by Jude Tolar
France — where beauty resides in every village and field — is a favorite destination for me. I love traveling there and painting from life the beauty I see. How did my recent trip go? Find out here…
I had a recent autumn trip to France with a fellow American artist. We travelled from Paris to Provence by train, and rented a car. We spent 12 days in Provence, staying in La Ciotat (on the Mediterranean coast near Marseille) and St. Rémy-de-Provence. Some days we explored those two villages in great detail, where a two-block walk sometimes took an hour to complete. Side trips to Mouries, Fontaine-de-Vaucluse, Les Baux-de-Provence, and Goult offered additional beauty and culture.
I took my lightweight plein air gear for pastel painting with me and painted a baker’s dozen plein air pastel paintings in Provençal villages and in the countryside. I painted at various times of day: morning, afternoon, and at the golden hour before twilight.
Plein air painting abroad has taught me some things. I’ve learned to plan for limited storage space and beaucoup hauling of gear. I hand-carry my art bag through airports and into planes, trains, petite autos, equally petite rooms, and via many flights of stairs. I take only what I have to have: pastels (hard and soft) in a wide range of values and colors; pre-cut paper in one size only, 9 x 12 inches; a small and lightweight easel; pre-folded paper towels; zip-top freezer bags in various sizes; and a tracing pad for painting storage. For unforeseen emergencies: small amounts of duct tape, electrical tape, masking tape, plus rubber bands and bungee cords.
A few plein air highlights from this Provençal adventure:
- I found such a wealth of subject matter within a few miles — or within a few blocks — of each other. I painted vineyards, centuries-old doorways, and plane trees planted by Napoleon. I was smitten with an olive grove in a village and a tunnel of trees just outside of it.
- One morning I set up beside a road to paint a vineyard. As I painted, I kept smelling something herbal. Something pungent and unfamiliar in that context, like sage or fennel. I looked down and realized I was standing in a large swath of wild oregano.
- I connected with people from all over the world. We talked via hand signals, a mix of English/French/other languages, and scribbles in my sketchbook.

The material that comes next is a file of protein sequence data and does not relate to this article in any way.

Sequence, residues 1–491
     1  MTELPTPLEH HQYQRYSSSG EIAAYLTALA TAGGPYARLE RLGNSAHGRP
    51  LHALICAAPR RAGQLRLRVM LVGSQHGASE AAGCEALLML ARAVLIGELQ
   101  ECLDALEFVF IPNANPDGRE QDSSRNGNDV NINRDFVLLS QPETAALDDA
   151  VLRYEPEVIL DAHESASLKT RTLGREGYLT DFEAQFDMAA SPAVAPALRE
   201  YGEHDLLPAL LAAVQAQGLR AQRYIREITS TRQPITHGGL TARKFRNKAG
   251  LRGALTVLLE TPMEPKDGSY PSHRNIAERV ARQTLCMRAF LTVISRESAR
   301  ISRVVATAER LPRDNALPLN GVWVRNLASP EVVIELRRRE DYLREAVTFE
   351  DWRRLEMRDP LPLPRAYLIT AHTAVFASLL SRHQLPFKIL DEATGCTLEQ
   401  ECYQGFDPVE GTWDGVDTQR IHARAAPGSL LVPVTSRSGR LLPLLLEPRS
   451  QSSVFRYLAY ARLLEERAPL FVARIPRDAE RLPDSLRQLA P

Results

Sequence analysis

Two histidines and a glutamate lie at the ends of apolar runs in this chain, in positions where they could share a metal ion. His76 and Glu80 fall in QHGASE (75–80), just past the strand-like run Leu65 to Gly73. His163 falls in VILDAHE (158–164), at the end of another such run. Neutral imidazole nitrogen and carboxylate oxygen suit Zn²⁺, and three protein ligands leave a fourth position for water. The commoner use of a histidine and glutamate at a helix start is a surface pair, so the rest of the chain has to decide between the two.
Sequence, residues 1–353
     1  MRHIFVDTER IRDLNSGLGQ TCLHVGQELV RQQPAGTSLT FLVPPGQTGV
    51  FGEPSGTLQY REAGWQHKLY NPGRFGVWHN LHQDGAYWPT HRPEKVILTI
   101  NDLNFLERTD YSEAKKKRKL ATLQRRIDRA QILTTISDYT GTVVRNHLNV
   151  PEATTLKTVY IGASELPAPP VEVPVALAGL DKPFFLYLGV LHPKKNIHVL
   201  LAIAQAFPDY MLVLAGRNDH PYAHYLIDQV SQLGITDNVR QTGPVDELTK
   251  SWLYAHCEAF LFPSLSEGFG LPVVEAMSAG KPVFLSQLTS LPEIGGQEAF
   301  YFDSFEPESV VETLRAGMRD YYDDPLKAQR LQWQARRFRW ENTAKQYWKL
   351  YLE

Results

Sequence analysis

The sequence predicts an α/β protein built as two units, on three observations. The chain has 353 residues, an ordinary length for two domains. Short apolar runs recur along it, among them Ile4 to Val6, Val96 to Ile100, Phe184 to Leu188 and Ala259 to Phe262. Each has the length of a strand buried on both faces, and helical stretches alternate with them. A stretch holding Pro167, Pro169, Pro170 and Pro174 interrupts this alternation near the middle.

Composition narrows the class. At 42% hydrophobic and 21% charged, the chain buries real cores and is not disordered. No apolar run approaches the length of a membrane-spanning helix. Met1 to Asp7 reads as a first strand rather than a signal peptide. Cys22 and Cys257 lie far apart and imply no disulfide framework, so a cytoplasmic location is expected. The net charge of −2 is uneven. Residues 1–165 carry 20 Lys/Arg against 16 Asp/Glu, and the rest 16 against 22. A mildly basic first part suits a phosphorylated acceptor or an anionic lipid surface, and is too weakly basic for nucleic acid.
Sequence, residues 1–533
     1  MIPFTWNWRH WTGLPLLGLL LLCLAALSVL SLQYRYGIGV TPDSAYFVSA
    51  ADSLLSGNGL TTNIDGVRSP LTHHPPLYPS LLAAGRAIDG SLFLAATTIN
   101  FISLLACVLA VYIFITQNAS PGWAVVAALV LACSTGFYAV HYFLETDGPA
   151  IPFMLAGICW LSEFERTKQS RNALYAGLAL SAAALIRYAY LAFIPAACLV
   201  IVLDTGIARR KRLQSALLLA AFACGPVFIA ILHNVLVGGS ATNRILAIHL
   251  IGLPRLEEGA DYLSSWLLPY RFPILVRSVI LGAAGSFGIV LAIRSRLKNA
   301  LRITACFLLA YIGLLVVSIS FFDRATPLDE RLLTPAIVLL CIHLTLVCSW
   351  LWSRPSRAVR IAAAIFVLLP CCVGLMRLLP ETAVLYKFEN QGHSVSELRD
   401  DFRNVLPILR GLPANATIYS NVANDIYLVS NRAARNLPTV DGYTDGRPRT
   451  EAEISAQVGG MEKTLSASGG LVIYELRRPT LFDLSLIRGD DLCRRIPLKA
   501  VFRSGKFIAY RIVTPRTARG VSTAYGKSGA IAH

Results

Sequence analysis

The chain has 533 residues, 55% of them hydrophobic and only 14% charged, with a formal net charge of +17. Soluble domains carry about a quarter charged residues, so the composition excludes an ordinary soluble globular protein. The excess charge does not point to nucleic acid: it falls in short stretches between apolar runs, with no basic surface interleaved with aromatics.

- France has the best baguettes ever. Also, where else can you choose from 365 plus kinds of fromage(cheese) for your plein air painting déjeuner à midi/picnic? Next time I plan to paint my lunch before eating it.
There were only minor lowlights:
- Plein air painting can be capricious. The weather can change, insects can invade, and the pastel stick that I drop is always the same color as the ground on which it lands. Provence offers another twist: le mistral, high winds that can last several days. Our first days in St. Rémy-de-Provence were the last days of a mistral event. I had to paint anyway, as the Place Jules Pelissier wooed me with its massive plane trees and colorful buildings. I sat to paint, clutching the painting on my lap, rather than risk my easel blowing over or my painting whooshing down the rue.
- New subject matter is challenging. Architecture and beaches are uncommon models for me. Each region has its own lighting and color palette to learn. My experience in painting florals, trees, landscapes lends little to the geometry of buildings and the ebb and flow of waves. I had to find ways to render urban models and beach scenes in a quick, plein air fashion, while staying true to my painting style.
- Thirdly, we can’t fly with isopropyl alcohol (which I use for some underpainting). One must remember that the local marchés that sell that usually close two hours for lunch.
All in all, the pleasures of painting en plein air in the Provençal region of France far exceeded any hitches. I came home with 13 plein air pastel paintings, some of which will be the basis of studio pieces. Then, as always, I’ll recall the sights, smells, sounds, tastes, and beauty of that extraordinary place. I’m already planning for my next chance to be in France.
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